TikTok confirmed that it was censoring content critical of the Chinese government.
The revelation comes from leaked documents provided to laying out the company’s moderation guidelines. The China-based app censored videos related Tiananmen Square, an independent Tibet, and Falun Gong, a religious group that is banned in China.
According to The Guardian, a majority of the rules are listed under a section called “hate speech and religion.” The guidelines also ban criticism of the Chinese government and “highly controversial topics” involving religious sects and ethic groups. Some examples provided include Cambodian genocide, Islamic conflicts, Northern Ireland independence, and “ethnic conflict between black and white.”
Censored content was either deemed a “violation” and deleted off the platform or categorized as “visible to self” which greatly diminished its reach.
The leaked documents also provide vindication for Hong Kong protesters who have claimed they are being censored on the site. For an app that, along with its Chinese counterpart Douyin, claims one in 10 Chinese people as users, there seems to be related to the anti-government protests that have been covered around the world.
ByteDance, the Beijing-based tech giant that owns TikTok and Douyin, has confirmed The Guardian’s report and the authenticity of the documents.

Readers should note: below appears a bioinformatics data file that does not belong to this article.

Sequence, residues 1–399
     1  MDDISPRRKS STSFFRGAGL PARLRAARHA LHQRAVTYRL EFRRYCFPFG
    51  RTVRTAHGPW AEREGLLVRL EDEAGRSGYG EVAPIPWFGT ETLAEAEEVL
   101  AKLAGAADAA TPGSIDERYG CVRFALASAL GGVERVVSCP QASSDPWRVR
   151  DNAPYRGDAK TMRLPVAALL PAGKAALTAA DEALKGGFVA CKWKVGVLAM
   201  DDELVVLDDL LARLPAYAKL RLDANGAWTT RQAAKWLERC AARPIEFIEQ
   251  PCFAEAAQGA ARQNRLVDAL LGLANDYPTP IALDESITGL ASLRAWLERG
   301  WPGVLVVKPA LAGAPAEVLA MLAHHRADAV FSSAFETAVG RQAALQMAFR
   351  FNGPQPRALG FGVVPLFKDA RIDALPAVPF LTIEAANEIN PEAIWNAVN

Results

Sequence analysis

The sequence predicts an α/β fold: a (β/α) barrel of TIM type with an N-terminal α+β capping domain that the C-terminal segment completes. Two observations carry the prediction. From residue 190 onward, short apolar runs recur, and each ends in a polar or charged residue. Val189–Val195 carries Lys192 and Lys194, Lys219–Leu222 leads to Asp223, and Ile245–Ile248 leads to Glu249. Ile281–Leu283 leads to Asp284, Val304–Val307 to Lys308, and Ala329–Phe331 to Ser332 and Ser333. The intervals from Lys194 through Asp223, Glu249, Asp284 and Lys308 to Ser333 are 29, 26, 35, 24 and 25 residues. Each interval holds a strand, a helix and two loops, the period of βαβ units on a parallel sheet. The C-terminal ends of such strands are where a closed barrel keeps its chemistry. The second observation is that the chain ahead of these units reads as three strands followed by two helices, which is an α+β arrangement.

However, the company says that the documents are outdated and its moderation policies changed this past May, before the protests in Hong Kong began.
“In TikTok’s early days we took a blunt approach to minimising conflict on the platform, and our moderation guidelines allowed penalties to be given for things like content that promoted conflict, such as between religious sects or ethnic groups, spanning a number of regions around the world,” the company said in a statement to The Guardian. “As TikTok began to take off globally last year, we recognised that this was not the correct approach, and began working to empower local teams that have a nuanced understanding of each market. As we’ve grown we’ve implemented this localised approach across everything from product, to team, to policy development.”
The new approach is certainly a step in the right direction. However, while many social media sites moderate content in accordance to the local laws of each country, TikTok seemingly also confirmed that it was censoring content critical of China and other governments for everyone across the globe, regardless of their location. This is unusual.
While TikTok has mostly gained a reputation as a musically focused video-based social media app popular with young people, it has a massive audience which makes these content moderation policies especially worrying.
Earlier this year, ByteDance said the apps had been downloaded more than . This summer, the company announced an even more notable metric: 1 billion , making its user base larger than even established platforms like Twitter.